May is Asian American and Pacific Islander Heritage Month! The USBC has published a webpage titled, "Asian American and Pacific Islander Heritage Month." The webpage features a compilation of resources, tools, and materials from the field related to breastfeeding, nutrition, health, and culture. Learn about the generations of Asian Americans and Pacific Islanders who have enriched America's history and are contributing to its success. Please send additional resources to newsletter@usbreastfeeding.org. 

Welcome New USBC Members: Montana State Breastfeeding Coalition & Vital Village Network's Boston Breastfeeding Coalition

The Montana State Breastfeeding Coalition is a new coalition member of the USBC with the mission to build and link community partners to support, promote, and protect breastfeeding. Since their founding in 2006, MSBC has facilitated a number of breastfeeding specific activities, including facilitating the Montana Mother-Friendly Worksite Breastfeeding Initiative; facilitating MontanaBreastfeeds!, a project to normalize breastfeeding; and increasing access to breastfeeding training. MSBC actively works to create strong partnerships with key stakeholders, including the local Montana breastfeeding coalitions/ breastfeeding support groups, cultural and tribal breastfeeding organizations, and perinatal nutrition organizations to increase lactation support access across their geographically large, rural state. Among other things, the MSBC has also increased access to lactation training by offering diversity scholarships to Certified Lactation Counselor Training and yearly Montana Breastfeeding Learning Collaborative. Learn more about their work here!

The Vital Village Network's Boston Breastfeeding Coalition is a new coalition member of the USBC, committed to maximizing child, family, and community well-being. The BBC's mission is to improve access to breastfeeding support for every caregiver in Boston and promote social connections and optimal child enrichment in early life. They are committed to: improving access to breastfeeding support for every parent in Boston, promoting connections between individuals and organizations that promote breastfeeding advocacy, supporting pathways for professional lactation counselors, and ultimately shifting the breastfeeding culture in Boston and beyond. Since the beginning, equity has been embedded into BBC's operations and today, over 87% of peer counselors in the Boston Breastfeeding Coalition at Vital Village Network (VVN) are women of color who provide support to their breastfeeding peers in formal & informal ways. The groups are held in community spaces that are free and accessible. Peer counselors speak multiple languages to meet the diverse populations living in Boston. Learn more about their work here!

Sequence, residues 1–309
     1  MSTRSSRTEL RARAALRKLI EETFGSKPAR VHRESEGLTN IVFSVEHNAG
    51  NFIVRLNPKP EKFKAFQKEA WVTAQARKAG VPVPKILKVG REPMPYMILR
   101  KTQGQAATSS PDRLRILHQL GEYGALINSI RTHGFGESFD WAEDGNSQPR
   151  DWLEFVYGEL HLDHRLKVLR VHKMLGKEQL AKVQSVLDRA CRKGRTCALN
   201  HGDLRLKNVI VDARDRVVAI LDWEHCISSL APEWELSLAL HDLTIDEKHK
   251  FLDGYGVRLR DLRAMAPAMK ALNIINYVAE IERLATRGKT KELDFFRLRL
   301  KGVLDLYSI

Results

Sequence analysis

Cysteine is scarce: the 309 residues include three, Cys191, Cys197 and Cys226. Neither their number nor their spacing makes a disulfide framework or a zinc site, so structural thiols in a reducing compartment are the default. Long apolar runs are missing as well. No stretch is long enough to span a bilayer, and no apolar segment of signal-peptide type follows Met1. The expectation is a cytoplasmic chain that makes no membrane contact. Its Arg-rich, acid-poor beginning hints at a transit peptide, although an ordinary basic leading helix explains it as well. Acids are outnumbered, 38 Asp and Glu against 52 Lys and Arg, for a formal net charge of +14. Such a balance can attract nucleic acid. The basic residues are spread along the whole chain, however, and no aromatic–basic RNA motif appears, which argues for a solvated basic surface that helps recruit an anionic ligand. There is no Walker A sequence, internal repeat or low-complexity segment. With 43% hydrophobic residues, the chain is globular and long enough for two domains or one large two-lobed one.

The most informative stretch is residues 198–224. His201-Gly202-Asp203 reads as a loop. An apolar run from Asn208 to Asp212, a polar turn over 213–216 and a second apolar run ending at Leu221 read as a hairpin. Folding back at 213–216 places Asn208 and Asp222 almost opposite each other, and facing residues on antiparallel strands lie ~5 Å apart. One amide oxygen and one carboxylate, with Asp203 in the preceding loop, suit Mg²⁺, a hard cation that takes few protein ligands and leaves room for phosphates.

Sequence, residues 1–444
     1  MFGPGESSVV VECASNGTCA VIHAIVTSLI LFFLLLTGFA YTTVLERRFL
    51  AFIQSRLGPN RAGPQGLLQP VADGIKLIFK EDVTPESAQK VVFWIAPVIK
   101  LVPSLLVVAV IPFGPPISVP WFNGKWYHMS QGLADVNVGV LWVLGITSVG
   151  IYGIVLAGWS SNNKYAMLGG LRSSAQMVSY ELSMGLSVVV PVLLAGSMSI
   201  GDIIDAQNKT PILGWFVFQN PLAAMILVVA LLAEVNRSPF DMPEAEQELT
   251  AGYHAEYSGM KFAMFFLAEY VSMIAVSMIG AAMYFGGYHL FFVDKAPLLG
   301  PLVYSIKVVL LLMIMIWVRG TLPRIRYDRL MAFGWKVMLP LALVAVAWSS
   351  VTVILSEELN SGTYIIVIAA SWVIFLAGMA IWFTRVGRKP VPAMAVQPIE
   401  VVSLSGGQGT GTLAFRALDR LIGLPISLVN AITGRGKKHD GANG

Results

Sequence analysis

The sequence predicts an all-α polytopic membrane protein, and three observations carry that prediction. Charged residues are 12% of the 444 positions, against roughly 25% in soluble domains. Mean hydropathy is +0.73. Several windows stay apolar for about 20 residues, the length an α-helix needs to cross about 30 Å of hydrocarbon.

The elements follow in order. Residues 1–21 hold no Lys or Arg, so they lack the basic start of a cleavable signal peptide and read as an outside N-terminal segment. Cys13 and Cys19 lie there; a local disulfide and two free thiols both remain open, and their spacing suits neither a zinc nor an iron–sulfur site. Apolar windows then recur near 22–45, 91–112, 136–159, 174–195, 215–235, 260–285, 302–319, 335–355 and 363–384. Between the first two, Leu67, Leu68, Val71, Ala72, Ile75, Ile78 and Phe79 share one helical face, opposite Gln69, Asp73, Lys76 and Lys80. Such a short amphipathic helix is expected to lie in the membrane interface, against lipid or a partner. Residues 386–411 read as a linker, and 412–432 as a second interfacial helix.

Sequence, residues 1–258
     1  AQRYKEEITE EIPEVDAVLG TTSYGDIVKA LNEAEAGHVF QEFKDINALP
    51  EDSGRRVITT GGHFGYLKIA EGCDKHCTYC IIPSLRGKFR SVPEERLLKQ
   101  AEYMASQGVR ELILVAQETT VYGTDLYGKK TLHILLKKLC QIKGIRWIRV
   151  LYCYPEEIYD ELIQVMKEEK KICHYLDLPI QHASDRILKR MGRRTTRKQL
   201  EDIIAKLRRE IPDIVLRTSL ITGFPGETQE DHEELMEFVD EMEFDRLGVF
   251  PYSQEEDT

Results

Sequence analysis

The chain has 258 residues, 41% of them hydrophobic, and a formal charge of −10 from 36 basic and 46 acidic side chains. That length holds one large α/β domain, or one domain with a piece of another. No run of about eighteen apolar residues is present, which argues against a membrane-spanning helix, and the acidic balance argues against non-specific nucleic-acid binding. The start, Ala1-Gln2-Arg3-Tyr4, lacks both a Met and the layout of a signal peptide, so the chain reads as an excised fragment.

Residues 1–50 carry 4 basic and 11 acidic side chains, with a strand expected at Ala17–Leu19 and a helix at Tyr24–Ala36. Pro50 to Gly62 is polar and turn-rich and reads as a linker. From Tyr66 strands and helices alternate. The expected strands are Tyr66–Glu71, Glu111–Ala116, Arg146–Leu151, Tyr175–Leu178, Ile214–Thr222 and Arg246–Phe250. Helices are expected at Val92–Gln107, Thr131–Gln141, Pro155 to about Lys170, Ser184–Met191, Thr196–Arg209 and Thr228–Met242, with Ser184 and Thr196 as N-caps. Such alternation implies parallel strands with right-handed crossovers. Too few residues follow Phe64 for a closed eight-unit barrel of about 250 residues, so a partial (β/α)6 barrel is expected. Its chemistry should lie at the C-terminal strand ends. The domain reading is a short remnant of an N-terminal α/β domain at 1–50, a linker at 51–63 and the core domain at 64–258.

National News

*Webinar on Sustainability and Community Engagement, summarized from CHEER

Join the Center for Health Equity, Education, & Research on Wednesday, June 19, from 1-2 p.m. ET for a webinar titled "Sustainability and Community Engagement." The webinar will be provided as part of CHEER's Communities and Hospitals Advancing Maternity Practices (CHAMPS) initiative which promotes best practices in maternity care and will be presented by speakers from Reaching Our Sisters Everywhere.

*Milk Donation Day Promotion Toolkit, summarized from HMBANA

Milk Donation Day is Sunday, May 19! The Human Milk Banking Association of North America has launched a media resource kit that it is promoting together with the European Milk Bank Association, with a focus on donor milk equity and the healing power of human milk. The resource kit is available upon request. Contact sybil@hmbana.org or message HMBANA via Facebook or Twitter. Join the conversation on social media at hashtag #MilkDonationDay. 

Report on Pregnancy Accommodation Gaps and Solutions, summarized from ABB